October 15, 2020
When it comes to designing radar solutions for autonomous vehicles, Israeli startup Arbe has taken the quest to a new dimension: the fourth dimension. The first three are common to all automotive radar systems: range, velocity and azimuth (the horizontal angle of an object in the field of view). Arbe is the first company to add real elevation to the list, to help in detecting such challenging things as a truck stuck under a bridge that could look like an open space, or a car emerging from a tunnel.
Adding the fourth dimension is key to getting accurate images needed for safe autonomous driving, according to Arbe. Their system achieves ultra-high-resolution 4D imaging that the company says produces an image 100 times more detailed than any other automotive radar system currently available.
To accomplish this, Arbe had to develop their own chipset comprising 48 transmitting antennas and 48 receiving antennas in a 10 mm x 10 mm package, with only 0.5 mm between antennas. This was a recipe for creating “a complete orchestra of everything interfering with everything,” says Avi Bauer, VP Integrated Circuits at Arbe. The innovations needed to place so many channels close together without creating interference required electronics simulation software, and the brand they were using was not up to the challenge. After approaching several simulation companies, Arbe learned about the Ansys Startup Program, which gave them access to Ansys HFSS, Ansys HFSS SBR+ and Ansys RedHawk at a greatly reduced rate.
“The Ansys Startup Program gives us a bunch of simulation tools, and the cost and efficiency of the tools allowed us to reduce our R&D costs and to develop the integrated circuit (IC) packages,” Bauer says. “I wish all our vendors would have such a program.”
Designing a 4D radar chipset is such a great challenge because each dimension you add requires an order of magnitude more in computation, according to Bauer. You can’t do this using off-the-shelf products. “We started as a systems company but we realized that current chipsets are far from being able to solve the problem so we focused on developing chips,” he says. “So, we sell silicon — this is our business model.”
To sell silicon chips and prove that the entire system works, Arbe has assembled engineers from the automotive, defense and semiconductor industries with expertise in radar, informatics, mathematics, physics and electronics. They are responsible for analog and digital chip design, algorithm development, antenna design and software integration.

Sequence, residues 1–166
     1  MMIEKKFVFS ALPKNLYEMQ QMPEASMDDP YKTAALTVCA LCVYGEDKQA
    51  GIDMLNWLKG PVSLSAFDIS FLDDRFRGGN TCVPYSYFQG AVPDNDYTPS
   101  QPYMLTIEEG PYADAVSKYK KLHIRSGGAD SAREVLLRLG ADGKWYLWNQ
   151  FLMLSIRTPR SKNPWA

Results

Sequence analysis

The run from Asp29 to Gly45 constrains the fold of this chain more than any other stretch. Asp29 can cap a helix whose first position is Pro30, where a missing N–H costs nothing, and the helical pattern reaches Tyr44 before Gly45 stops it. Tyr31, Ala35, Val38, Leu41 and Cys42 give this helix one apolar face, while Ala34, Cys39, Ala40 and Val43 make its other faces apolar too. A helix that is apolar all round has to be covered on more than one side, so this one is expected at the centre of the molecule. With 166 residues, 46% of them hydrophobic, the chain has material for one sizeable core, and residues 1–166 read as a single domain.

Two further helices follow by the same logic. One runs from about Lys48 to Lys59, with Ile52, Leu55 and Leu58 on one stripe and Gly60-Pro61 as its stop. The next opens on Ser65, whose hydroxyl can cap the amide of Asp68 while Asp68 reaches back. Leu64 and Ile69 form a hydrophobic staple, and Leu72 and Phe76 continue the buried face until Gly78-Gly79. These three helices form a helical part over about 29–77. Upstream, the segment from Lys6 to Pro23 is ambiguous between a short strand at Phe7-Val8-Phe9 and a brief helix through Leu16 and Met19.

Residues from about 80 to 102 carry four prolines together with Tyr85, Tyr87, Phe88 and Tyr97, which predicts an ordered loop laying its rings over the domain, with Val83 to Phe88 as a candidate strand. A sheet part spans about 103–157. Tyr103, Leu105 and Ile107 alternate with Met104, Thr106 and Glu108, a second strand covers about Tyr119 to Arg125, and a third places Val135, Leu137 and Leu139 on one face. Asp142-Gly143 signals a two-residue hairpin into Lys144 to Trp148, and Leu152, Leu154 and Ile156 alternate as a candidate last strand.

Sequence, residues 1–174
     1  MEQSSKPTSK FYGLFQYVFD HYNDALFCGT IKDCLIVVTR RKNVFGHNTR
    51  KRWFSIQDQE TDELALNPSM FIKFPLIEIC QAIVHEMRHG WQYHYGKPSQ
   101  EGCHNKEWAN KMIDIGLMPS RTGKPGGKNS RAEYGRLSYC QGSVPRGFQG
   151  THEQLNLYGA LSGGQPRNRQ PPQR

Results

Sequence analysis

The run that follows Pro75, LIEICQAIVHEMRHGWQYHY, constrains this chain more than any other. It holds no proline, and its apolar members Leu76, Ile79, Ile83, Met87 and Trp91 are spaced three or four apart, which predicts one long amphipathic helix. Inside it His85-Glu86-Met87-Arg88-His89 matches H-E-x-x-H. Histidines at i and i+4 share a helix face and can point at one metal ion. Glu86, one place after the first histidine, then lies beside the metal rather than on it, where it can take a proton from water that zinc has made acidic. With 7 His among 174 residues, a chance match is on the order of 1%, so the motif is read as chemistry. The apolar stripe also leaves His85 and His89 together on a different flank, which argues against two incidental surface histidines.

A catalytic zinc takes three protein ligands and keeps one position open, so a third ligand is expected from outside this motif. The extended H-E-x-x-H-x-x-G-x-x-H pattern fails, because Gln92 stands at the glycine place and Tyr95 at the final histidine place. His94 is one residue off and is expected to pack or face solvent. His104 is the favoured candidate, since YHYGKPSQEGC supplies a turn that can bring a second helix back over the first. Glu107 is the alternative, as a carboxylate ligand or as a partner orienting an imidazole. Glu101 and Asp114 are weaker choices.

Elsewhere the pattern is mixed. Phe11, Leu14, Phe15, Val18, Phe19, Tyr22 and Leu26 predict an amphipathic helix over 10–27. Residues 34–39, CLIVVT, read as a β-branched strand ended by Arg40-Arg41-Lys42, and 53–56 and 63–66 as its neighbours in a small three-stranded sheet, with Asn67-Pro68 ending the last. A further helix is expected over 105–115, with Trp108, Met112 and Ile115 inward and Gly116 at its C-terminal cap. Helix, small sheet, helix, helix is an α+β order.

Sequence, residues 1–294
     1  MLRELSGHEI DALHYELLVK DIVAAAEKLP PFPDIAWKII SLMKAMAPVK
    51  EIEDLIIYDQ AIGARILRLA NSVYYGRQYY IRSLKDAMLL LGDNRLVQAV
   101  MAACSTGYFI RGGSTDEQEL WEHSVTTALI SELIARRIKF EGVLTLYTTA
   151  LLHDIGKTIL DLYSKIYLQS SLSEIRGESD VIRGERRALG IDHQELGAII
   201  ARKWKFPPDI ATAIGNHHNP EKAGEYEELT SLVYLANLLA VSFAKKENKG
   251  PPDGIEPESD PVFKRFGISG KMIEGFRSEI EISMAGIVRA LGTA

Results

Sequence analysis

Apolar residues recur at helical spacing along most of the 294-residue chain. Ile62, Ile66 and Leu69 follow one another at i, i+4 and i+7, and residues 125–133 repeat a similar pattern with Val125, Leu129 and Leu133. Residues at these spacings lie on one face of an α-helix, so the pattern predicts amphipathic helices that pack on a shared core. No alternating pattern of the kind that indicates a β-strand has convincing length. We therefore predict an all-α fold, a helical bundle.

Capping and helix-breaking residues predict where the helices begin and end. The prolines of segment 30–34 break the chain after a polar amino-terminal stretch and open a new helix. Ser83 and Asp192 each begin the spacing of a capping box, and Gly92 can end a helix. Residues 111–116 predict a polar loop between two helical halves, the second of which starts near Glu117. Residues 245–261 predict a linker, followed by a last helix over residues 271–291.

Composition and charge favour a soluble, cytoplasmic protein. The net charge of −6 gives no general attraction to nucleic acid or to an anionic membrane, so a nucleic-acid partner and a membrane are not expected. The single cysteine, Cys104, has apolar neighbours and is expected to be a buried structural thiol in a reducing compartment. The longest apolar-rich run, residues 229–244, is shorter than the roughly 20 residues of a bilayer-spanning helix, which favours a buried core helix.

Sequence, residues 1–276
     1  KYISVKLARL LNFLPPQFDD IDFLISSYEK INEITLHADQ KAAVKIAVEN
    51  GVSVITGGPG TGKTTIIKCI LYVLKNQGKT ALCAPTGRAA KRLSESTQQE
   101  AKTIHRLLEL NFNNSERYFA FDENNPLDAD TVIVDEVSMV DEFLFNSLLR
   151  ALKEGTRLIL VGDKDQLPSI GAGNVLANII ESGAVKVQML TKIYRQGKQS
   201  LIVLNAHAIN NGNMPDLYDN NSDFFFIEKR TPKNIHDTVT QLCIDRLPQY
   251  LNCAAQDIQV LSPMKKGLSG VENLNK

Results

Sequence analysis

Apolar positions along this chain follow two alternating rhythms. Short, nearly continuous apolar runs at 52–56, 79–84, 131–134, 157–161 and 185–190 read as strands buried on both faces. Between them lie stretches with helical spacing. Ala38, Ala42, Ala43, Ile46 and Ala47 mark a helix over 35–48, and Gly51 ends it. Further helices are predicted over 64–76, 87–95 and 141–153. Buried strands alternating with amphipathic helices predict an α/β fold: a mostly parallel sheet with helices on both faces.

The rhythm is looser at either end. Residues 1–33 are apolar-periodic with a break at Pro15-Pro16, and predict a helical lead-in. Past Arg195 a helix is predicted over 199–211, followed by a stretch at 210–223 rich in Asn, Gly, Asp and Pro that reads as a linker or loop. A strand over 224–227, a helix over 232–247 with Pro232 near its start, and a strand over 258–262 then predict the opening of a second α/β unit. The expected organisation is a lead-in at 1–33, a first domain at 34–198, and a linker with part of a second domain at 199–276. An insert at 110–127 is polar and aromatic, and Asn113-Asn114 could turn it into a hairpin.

“There are not many companies today who can see the whole picture: from top to bottom, from software to the system level and integration into the car,” Bauer says. “It takes a significant effort to develop the right IP (intellectual property) to do efficient high-density computation and also have the flexibility to run everything and deal with all the scenarios an autonomous vehicle might encounter, like a big target in short range that blocks everything, and like a small child stepping out between two cars. There are many challenges and you need a flexible system to cope with them.”
Arbe engineers used HFSS to solve the challenges in antenna and package design. With HFSS they developed the unique IP that enables them to build very high channel density packages with low interference between channels.
“We have not only managed to develop a radar chipset that is three or four times as dense as others, we also managed to bring it in at a lower cost compared to another startup,” Bauer says. “So, we basically pushed the limits of design and used HFSS to do this.”
They recently shipped their first system to a customer, marking the entry of Arbe’s 4D radar solution on the market.
With HFSS SBR+, Arbe is in the early stages of attempting to make an advanced driving simulator that will be able to meet the highest safety standards of the European New Car Assessment Program (NCAP). Such a simulator will give engineers a good picture of how the entire system works before they put sensors on the car and start logging road miles. They are looking to partner with Ansys to take the current SBR+ simulator to a higher level.
“We are willing to work with Ansys on SBR+ to build a simulator,” Bauer says, “and we are not expecting Ansys to use it just for us, so it's a case of win-win.”
The Ansys Startup Program is another example of a win-win for Arbe. “The Startup Program lets us free up money for other tasks and allows us to work with very significant simulation tools in a cost-effective manner,” Bauer says. “This frees up financial resources to hire more people or buy other tools that we need.”
Check out the Ansys Startup Program web page for more details on how your company can participate.
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